When companies evaluate wireless expense management vendors, they often look at a number of different criteria. Throughout the sales cycle, whether it be an RFP or less formal evaluation, an enterprise will typically provide a large list of questions that must be answered in order to show them that we’re the best fit for their wireless management moving forward.
This list of questions includes categories such as billing optimization, account management, technology workflow, reporting platform, help desk service levels, pricing structure, and much more. Our sales team and solution experts spend a large chunk of each day simply answering questions about these components of our solution, whether it be in writing or during a sales call. We are more than happy to answer these questions and outline exactly how we provide our services, but we are always troubled knowing that they’re leaving off an important question.
The question: What about implementation?
Sure, it might not be at the forefront of a company’s mind when evaluating “more important things” like price, service, functionality, and ROI, but in our experience, implementation is one of the most crucial components of an evaluation. We see time and time again that enterprises assume all vendors implement the exact same way and there isn’t much difference between one project plan from the next. But, as we’ve seen and heard throughout our 16 years of experience in the industry, that couldn’t be further from the truth.
So what separates mindWireless from the pack? Efficiency and customization. Over 90% of clients had their entire solution implemented in 45 days or less – a much more efficient clip than any other company in our space. Most will give you statistics and project plans to back up their implementation timelines, but it’s important to read between the lines and ask more questions to really understand the differences. Below are a few things to consider when evaluating implementation:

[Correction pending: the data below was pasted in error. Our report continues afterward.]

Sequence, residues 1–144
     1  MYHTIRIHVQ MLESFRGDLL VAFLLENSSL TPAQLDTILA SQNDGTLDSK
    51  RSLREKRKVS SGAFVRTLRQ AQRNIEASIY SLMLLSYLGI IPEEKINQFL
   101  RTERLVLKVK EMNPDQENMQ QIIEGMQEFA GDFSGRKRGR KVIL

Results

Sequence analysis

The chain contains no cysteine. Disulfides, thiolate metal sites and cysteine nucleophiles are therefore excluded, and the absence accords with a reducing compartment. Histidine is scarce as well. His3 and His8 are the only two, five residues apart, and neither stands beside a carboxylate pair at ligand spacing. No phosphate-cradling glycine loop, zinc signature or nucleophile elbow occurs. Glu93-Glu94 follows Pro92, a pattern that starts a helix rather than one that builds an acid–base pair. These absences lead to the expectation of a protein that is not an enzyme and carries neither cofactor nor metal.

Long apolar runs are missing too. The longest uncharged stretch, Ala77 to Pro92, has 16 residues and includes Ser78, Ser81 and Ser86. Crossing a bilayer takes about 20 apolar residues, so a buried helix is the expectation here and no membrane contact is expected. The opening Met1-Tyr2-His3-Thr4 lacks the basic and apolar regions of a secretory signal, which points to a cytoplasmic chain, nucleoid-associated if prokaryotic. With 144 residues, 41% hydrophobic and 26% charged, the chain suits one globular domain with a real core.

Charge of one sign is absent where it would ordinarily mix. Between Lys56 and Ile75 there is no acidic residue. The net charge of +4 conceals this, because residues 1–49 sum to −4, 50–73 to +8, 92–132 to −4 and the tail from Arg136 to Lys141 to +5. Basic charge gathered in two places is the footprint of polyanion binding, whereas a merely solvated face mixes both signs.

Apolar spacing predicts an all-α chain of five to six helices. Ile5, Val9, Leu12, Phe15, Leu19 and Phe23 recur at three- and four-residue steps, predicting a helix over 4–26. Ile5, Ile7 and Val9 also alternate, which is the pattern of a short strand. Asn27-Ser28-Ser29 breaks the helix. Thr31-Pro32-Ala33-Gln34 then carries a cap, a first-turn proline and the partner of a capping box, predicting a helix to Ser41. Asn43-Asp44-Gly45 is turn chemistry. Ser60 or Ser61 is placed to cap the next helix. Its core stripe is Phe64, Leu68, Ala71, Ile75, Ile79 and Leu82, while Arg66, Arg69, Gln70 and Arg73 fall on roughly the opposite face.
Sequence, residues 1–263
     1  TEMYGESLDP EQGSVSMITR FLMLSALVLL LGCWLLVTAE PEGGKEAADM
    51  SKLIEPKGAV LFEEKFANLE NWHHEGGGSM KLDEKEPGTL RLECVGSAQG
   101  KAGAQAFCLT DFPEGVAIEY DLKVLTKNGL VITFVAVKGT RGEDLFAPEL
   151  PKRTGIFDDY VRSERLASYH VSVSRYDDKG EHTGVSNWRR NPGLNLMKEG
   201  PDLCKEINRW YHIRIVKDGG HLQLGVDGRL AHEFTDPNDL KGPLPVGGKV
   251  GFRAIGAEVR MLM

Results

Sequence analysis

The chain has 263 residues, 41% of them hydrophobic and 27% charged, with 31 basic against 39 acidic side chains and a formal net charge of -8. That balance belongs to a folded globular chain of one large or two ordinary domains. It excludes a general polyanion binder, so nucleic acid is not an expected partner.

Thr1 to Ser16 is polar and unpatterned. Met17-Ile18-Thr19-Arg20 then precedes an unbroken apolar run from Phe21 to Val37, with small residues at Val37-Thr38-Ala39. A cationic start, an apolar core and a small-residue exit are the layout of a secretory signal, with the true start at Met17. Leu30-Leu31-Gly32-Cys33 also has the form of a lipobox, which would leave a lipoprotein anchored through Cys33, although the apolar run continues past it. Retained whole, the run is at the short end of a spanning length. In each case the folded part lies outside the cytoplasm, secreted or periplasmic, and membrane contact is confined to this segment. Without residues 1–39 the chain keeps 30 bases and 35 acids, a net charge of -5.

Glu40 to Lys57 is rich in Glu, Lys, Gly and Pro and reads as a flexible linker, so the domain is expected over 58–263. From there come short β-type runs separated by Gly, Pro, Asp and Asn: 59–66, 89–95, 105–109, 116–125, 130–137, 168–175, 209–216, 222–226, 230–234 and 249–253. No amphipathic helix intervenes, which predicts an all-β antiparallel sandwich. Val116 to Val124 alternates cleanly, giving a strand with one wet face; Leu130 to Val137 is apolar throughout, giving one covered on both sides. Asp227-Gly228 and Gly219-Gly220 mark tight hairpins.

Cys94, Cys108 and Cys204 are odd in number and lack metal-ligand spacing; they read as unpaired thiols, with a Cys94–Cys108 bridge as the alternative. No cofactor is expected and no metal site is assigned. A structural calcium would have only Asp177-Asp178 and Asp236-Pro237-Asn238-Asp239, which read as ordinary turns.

1. Portal Set Up – Every vendor in the evaluation will likely have a portal, but although it may seem this way at first glance, not all portals are created equal. And given this, not all portal build outs are created equal. Thus, it’s important to understand what is required of your enterprise to build out the portal as well as the expected timing of this project.
2. How Long Until Savings? – Regardless of what vendor you choose, implementation is going to take at least a month (and likely much longer depending on the vendor). And since you’re likely going to start paying them shortly after the contract is executed, it’s important that you begin to receive value from this engagement immediately. No one wants to wait until six months into an agreement to begin developing an ROI on a project. So how do you start sooner? Make sure they have an expense management solution that is easy to roll out and capable of beginning immediately and realizing savings within a month. If not, you probably need to ask some more questions.
3. Who Is Involved? – The success of an implementation project begins with the personnel devoted to it. So one of the first questions you should ask is about the resources dedicated to your account throughout the implementation project. The best case scenario? They should be able to dedicate an entire team including but not limited to an implementation manager, client service manager, relationship manager, lead developer, and financial analyst to walk through the implementation process. If they don’t have a well-rounded implementation team and project manager to lead the way, you might have to double the expected implementation timeline.
We hear from companies all the time that, while another vendor’s services were very appealing, they had to cut the contract simply because of the implementation issues. After you do months of work on an RFP or bid evaluation, the last thing you should have to worry about is nine more months of implementation. It’s all about asking the right questions.
For more information, call 512-615-7600 or email firstname.lastname@example.org to discuss.